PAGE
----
2011-2020: A study of journalist murders in Latin America confirms the importance of strengthening protection policies News Follow the news on Colombia Organisation ColombiaAmericas Reporters Without Borders today condemned the repeated threats made during the past month against Pedro Luis Mogollón, the editor of the El Universal daily in the northern city of Cartagena, and Jacqueline Rhenals, one of his political columnists. The organisation also voiced concern about Diva Vivian Jessurum of RCN television in Bogotá, who is on the point of fleeing the country because of death threats.“Press freedom in Colombian is no longer just compromised in the zones of armed conflict,” Reporters Without Borders said. “Regardless of the protection they may be getting, the situation of journalists is deteriorating sharply in the few cities and regions that are supposedly ‘pacified.’ Jessurum’s departure would bring to eight the number of journalists who have been forced to stop working and flee their region or the entire country since the start of the year.”The press freedom organisation added: “We call on the Fiscalía General de la Nación (attorney-general’s office), which is responsible for dealing with these cases, to conduct immediate inquiries that include political circles in the areas investigated, in order to put an end to this new climate of terror against the media.”Mogollón and Rhenals have been receiving repeated telephone threats for a month because of El Universal’s coverage of the campaign for Cartagena’s mayoral election on 30 October. The threats were first made in an SMS (telephone text) message received by both journalists on 17 September. Two subsequent messages, one to Mogollón on 3 October and the other to Rhenals on 10 October, referred to a report in El Universal about voter intentions, especially as regards former mayor Nicolas Curi, who was removed in 2000 because of alleged corruption.According to the Peruvian press freedom organisation IPYS, the threats against Jessurum are linked to a book she has been writing for the past year about the embezzlement of US funding for Plan Colombia, (a drug eradication programme). The threats began on 21 April when she received a message that she would be killed if she did not shut up. The anonymous correspondent, who calls himself Angelito, has thereafter reiterated his threats every two weeks.A small coffin containing an identical message was delivered to her mother’s home in the northern city of Barranquilla on 16 August. Two days before that, several individuals went to Jessurum’s apartment building and asked the concierge for her. After being told she was not there, they broke the windows of her apartment by throwing stones. Reporters Without Borders has been told she is very frightened and is on the point of seeking refuge in a neighbouring country for a couple of months. ColombiaAmericas April 27, 2021 Find out more Reports Receive email alerts May 13, 2021 Find out more Help by sharing this information to go further October 26, 2005 – Updated on January 20, 2016 More death threats against journalists, one on the verge of fleeing the country News RSF begins research into mechanisms for protecting journalists in Latin America News RSF_en RSF, IFEX-ALC and Media Defence, support FLIP and journalist Diana Díaz against state harassment in Colombia October 21, 2020 Find out more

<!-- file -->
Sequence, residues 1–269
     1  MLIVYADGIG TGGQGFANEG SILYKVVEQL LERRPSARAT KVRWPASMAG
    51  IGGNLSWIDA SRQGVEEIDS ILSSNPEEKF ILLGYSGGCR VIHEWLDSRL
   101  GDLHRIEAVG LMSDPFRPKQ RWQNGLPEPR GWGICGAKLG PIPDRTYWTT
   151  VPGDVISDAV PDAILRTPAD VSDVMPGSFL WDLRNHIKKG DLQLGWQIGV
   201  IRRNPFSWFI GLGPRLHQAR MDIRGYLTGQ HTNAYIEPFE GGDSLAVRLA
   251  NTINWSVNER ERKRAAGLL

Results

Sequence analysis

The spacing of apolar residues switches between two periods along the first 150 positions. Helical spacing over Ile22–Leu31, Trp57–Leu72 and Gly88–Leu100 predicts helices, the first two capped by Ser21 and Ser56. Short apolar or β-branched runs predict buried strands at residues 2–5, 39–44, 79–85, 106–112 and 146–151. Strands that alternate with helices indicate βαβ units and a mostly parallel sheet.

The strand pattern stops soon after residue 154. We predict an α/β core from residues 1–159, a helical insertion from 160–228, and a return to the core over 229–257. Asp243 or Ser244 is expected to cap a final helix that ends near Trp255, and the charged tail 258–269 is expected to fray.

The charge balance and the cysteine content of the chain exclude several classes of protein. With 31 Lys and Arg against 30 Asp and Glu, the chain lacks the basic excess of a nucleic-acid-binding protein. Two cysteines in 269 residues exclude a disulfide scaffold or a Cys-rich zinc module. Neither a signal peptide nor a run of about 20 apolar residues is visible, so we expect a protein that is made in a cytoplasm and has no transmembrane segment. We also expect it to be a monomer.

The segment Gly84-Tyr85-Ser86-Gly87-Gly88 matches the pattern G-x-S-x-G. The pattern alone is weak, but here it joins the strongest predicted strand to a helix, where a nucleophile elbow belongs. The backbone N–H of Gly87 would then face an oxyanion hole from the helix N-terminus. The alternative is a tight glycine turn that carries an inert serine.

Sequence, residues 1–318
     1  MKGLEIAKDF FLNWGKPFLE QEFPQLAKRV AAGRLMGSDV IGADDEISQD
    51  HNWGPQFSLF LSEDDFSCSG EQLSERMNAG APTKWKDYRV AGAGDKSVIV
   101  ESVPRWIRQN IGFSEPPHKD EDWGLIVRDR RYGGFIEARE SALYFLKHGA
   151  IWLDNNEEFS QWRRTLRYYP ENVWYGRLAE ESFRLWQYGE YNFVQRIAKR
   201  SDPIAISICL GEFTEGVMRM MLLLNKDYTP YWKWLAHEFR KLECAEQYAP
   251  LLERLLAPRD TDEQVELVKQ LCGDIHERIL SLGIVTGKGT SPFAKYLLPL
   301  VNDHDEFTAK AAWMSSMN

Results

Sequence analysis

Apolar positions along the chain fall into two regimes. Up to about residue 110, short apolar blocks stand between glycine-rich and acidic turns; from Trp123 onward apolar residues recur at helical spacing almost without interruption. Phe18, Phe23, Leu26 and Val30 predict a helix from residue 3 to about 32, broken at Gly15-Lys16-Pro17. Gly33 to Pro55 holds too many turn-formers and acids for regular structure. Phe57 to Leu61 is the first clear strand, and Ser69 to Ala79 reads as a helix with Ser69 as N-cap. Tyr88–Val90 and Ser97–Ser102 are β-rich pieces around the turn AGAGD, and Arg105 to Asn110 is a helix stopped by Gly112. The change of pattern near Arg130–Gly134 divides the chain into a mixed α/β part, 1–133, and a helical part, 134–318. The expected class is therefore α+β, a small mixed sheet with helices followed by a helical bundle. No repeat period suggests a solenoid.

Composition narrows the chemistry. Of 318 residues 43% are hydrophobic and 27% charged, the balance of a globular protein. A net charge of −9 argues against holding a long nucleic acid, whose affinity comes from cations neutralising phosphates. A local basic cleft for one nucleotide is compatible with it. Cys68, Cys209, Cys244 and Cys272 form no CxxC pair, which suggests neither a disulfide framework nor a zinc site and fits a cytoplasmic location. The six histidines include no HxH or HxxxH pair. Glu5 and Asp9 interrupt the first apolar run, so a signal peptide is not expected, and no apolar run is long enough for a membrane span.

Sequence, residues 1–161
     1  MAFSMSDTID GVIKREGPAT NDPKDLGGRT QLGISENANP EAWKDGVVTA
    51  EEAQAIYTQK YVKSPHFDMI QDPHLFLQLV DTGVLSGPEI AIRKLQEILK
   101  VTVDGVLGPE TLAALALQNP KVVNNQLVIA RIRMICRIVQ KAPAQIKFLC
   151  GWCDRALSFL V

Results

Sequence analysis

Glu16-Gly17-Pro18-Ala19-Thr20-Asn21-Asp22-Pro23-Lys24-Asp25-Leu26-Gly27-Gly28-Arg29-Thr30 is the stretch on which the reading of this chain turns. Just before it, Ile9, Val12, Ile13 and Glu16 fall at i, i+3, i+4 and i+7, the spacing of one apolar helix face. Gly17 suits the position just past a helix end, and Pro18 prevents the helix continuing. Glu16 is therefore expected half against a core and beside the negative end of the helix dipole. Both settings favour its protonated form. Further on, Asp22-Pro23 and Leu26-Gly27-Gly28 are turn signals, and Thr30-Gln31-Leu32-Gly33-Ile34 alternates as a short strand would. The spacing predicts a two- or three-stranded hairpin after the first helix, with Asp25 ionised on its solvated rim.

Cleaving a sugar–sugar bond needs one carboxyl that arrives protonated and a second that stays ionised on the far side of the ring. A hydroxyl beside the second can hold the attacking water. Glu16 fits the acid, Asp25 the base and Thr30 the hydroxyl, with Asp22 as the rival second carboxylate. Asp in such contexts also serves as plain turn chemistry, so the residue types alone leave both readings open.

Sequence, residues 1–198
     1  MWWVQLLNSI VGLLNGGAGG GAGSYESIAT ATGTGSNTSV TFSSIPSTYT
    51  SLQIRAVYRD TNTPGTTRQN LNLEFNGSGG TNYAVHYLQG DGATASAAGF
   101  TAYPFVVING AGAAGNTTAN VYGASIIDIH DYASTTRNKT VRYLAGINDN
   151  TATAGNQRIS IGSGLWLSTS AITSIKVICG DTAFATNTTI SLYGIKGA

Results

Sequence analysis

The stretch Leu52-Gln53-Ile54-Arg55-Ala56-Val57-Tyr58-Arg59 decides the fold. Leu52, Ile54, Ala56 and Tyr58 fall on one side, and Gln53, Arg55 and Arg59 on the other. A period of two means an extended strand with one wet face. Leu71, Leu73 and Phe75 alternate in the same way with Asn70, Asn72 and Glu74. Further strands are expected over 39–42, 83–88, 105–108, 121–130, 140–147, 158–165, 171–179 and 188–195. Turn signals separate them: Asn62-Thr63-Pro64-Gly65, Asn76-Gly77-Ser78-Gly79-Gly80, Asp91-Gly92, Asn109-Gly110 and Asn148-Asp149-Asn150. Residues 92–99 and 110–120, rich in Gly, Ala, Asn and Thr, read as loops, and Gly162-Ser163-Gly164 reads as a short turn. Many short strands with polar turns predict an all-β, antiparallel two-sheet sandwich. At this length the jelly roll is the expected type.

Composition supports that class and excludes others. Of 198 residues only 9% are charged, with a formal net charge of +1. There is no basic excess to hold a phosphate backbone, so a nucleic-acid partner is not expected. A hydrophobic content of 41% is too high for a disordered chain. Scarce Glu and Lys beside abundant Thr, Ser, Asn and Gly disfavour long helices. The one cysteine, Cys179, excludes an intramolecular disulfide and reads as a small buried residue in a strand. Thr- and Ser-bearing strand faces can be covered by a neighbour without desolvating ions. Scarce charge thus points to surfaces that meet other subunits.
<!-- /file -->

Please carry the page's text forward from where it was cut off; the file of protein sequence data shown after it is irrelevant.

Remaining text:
While you’re picking this year’s fruits from your backyardorchard, it’s time to start thinking about next year’s harvest.”Next year’s fruit crop depends greatly on the plants’health this year,” said Gerard Krewer, an Extension Servicehorticulturist with the University of Georgia Extension Service.Making sure your fruit plants are properly fertilized now helpsthe plants in two ways, Krewer said.Making Flowers and Charging BatteriesFirst, flower buds are forming now that will produce next year’scrop.”The number of flowers you have next spring will be determinedthis year,” Krewer said. The more flowers you start with,the better your chances of having a crop after a spring frost.Second, fruit plants are charging up their batteries now. They’llcrank up next spring on the strength of the energy reserves theybuild up between now and their fall shutdown.”For the first 30 days or so next spring, a fruit plantwill depend on its stored reserves,” he said. “Thoseare the reserves it’s producing this fall and storing in its rootsand stems.”Don’t rush out and start pouring on the fertilizer, though.”Too much fertilizer could do more damage than good,”Krewer said. “The plant could wind up making less fruit insteadof more.”Too much fertilizer now, he said, could cause the plant togrow too much in late summer and increase shading in the plant’sinterior, resulting in fewer flower buds. Excessive growth isalso more susceptible to cold injury this fall and winter.Take a Soil Sample to Determine NeedsThe ideal thing to do, Krewer said, is to take a soil sampleto the county extension office. Get an analysis of your plants’precise fertility needs.”Summer is a great time to pull a soil test,” hesaid. “The readings will be closer to the actual soil conditionsthe plants experience during the growth season. The pH goes downthis time of year. So you get a better picture of your limingneeds.”One benefit of soil testing is that you can often save on fertilizercosts. “Often plants require only nitrogen in the summer,”he said.If you really don’t want to run a soil test, the next bestthing is to use a balanced, premium-grade fertilizer.That would supply the main nutrients plants need — nitrogen,phosphorus and potassium — in balanced amounts. It would alsoprovide the micronutrients needed for good growth.What’s Best for Berries, Isn’t for PearsFor many fruit trees, a seat-of-the-pants rule is to apply1 pound of premium-grade 10-10-10 per inch of trunk diameter.But don’t apply more than 3 pounds per tree in late summer.”For pears, apply a little less than that,” Krewersaid. “Pears are prone to put on too much vegetative growthif you fertilize them too much.”For blueberries, he said, apply 1 ounce of the same fertilizerper foot of bush height. But don’t apply more than 6 ounces perbush.In rich soils or where fruit plants often grow too much, hesaid, cut any of these rates by one-half to two-thirds.Be prepared to fertilize again next spring, just before orduring bloom. “Fruit plants usually need fertilizer everyspring and every summer after harvest,” Krewer said.